To say that I am an avid listener of Lupe Fiasco’s music would be an understatement. ‘The Cool’ was in fact the last album I purchased on CD; so when asked if I could write a review of his latest album ‘Drogas Light’ I jumped at the chance. I thoroughly enjoyed ‘Tetsuo & Youth’; his most recent album to date, so the anticipation to hear what Lupe had installed for us next (also bearing in mind rumours of retirement) was at a all time high.
A great deal of controversy has surrounded this album. The original plan was for the release of three albums ‘Drogas’, Skulls and Roy’ in 2016 but after anti-Semitic accusations over a lyric in a freestyle, the albums were pushed to a later date, with new titles: Drogas light, Drogas and Skulls. Drogas translated from Spanish means Drugs but here Fiasco acquires his usual ambiguous stance providing the acronym: Don’t Ruin Us God Said. This album is also Lupe’s first album on his new label 1st &15th/ Thirty Tigers.
Lupe Fiasco is known for his unusual depiction of conscious rap teamed with his eclectic collaborative production with Charles “Chilly” Patton. His punch lines are often very dark, juxtaposed with a light and easy flow and euphemistic phrasing. Often upon first listening, you can completely miss the narrative Fiasco paints, but become completely intoxicated by his ability to place words intricately over any beat. This makes his work unique and also hard to categorise. Lupe is an artist in his own lane. He has a distinctive sound and feel which makes his music noteworthy.
‘Drogas Light’ is definitely a grower in many senses. After the first listen, I found myself put into the awkward position of wanting to like it purely because I am a fan, but there just wasn’t a solid connection. However the immediate stand out and favourite is ‘KILL’ featuring Ty Dolla $ign (who also makes another phenomenal appearance on the track ‘NGO’) with stunning vocals by Victoria Monet. The blend between the Trap/ Barbershop/Blues Bar with the Sunday Church Choir; not only shows the musical journey of Hip Hop in so many aspects; but also their distance in subject matter (the strip club and Church). The genius behind it is a true testament to Lupe’s knowledge and creativity as an artist.
Other tracks that truly show Lupe’s ability to really create magic are “High’ and ‘LAW’, both featuring Simon Sayz, providing a great amalgamation of their musical gifts. ‘Its Not Design’ featuring Salim is an awesome disco meets Hip Hop track. Anyone who likes the Netflix series ‘The Get Down’ will definitely appreciate some of Lupe’s choices on this album.
What Lupe has definitely held onto is his ability to choose the perfect vocal collaborations. They are usually unknown (or underground sensations) that always provide an ire and melancholy tone, which again combined with his wordplay can really create unexpected and uncommon tones. Bianca Sing’s vocal on ‘Made In the USA’ stands out significantly on this album although it’s definitely not featured enough in the track. The decision to save BIG KRIT’s verse on the track ‘Tranquillo’ (also featuring Rick Ross) until last; again displayed Lupe’s artistic wisdom and showmanship. It turned me into a fan.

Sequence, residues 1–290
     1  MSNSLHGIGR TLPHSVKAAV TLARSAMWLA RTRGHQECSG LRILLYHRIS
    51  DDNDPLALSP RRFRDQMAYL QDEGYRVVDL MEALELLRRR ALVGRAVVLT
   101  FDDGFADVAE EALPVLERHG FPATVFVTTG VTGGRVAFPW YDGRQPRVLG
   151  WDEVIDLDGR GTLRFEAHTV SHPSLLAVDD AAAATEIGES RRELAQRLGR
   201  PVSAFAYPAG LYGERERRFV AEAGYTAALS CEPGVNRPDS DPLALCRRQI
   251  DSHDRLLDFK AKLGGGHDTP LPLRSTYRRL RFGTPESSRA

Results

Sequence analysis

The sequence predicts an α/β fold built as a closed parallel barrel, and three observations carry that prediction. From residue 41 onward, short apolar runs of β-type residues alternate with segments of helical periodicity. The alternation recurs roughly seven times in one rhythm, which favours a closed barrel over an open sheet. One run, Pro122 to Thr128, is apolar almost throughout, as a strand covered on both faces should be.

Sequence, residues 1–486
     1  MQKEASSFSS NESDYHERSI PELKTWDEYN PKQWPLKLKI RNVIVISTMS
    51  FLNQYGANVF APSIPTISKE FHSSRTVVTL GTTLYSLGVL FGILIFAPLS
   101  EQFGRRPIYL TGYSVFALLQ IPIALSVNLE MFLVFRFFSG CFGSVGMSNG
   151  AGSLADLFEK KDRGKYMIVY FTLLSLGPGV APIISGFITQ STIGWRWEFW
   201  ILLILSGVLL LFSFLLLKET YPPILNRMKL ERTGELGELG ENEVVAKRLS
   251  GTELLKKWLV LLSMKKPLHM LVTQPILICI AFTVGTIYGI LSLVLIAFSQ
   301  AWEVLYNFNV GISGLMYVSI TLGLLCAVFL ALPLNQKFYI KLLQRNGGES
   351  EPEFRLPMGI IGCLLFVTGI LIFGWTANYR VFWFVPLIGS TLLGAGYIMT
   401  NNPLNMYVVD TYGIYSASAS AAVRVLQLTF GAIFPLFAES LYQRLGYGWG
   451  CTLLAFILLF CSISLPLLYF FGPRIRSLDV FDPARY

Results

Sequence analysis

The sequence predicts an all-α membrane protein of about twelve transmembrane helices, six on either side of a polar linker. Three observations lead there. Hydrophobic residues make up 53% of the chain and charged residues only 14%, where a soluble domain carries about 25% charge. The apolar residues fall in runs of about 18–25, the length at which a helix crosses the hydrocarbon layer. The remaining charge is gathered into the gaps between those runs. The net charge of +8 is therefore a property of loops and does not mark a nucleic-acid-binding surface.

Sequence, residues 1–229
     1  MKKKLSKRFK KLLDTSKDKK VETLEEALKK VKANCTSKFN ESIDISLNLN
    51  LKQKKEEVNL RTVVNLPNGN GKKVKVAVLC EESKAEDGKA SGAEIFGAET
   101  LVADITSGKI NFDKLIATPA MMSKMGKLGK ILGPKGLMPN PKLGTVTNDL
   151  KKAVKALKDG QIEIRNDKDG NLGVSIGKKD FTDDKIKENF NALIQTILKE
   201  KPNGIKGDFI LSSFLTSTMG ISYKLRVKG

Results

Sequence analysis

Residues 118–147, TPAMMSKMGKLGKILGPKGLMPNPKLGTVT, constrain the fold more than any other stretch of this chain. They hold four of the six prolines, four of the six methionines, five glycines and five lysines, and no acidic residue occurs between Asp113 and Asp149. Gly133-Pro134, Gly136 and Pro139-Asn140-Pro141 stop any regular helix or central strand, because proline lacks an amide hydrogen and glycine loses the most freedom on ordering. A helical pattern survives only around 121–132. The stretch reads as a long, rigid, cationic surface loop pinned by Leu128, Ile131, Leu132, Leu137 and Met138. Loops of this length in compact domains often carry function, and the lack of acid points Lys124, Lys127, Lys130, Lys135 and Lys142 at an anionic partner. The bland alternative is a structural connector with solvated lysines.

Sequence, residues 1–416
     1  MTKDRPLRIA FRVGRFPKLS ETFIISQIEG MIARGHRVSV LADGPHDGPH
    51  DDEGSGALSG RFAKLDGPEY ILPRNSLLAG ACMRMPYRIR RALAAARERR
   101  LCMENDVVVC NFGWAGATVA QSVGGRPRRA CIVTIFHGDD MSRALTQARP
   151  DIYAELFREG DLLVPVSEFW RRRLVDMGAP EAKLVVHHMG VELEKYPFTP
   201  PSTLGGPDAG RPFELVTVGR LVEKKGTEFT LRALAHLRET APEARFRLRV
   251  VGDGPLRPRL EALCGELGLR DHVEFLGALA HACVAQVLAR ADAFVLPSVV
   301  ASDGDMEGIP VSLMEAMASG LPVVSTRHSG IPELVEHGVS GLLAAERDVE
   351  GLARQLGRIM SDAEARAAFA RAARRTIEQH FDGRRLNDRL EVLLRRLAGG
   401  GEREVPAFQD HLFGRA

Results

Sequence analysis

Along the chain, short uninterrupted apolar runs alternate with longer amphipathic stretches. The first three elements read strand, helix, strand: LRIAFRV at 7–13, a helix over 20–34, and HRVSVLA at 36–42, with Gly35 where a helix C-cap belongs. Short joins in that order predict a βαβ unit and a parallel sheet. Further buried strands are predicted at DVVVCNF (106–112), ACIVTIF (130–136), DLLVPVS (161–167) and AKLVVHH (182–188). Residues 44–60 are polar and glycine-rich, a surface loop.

This album displays a topic in music at the moment that seems to keep coming to light. There seems to be this tension of old school meeting new school. The need to sound “current” has resulted in this switch to a Trap sound. Some artists are keeping it old school and the rest aren’t releasing music at all. Some artists have found happy mediums. A classic example is Fat Joe and Remi Ma’s hit ‘All The Way Up’ and this is because in the same night you hear that track, you will hear Terror Squad’s ‘Lean Back’ why? It’s a perfect blend of artists being current, but still sticking to what they know.
Missy Elliot showed that she is the ultimate chameleon with her new track “I’m better” (she really, really is), and then you have new school artists such as Logic and Kendrick Lemar that can perfectly flow between an old school hip hop metric and brilliant Trappin. Tetsuo & Youth’ featured a few Trap tracks which were beyond dope. Please bare in mind when I refer to Trap, I mean in the sense of production, referring to the manipulation of hi-hats and flow, not subject matter or atmosphere.
This album however featured too many attempts to sound current. As mentioned before Fiasco’s music and style is already unique. It never ever fitted what was ‘current’, so why start now? This album was a nice display of his ability to spit the same as his new age competitors, but the point is he doesn’t have to. He had made Trap singles on the previous album that still had a Lupe edge rather than attempting to copy a sound. This attempt was successful but who wants a copy? Especially when one has the expertise to take it further (which he does display at times on the album).
Overall the album is good and worth listening to because the tracks that work are musical perfection however this is not an album that I can personally listen all the way through (the first of his albums that this has happened, as there’s not enough consistency). The ideas are bold and courageous but considering that this is the first of a trilogy, I would have looked at maybe placing certain tracks differently in order to be more coherent. Nevertheless, I am excited for the other two albums, purely because this one hasn’t alluded at all to what the others may be. Lupe Fiasco is an incredible artist and a risk taker and this album, if anything, proves that.
Set for release on 10th February 2017, it will be the first album Lupe releases on his own label, 1st & 15th/Thirty Tigers.
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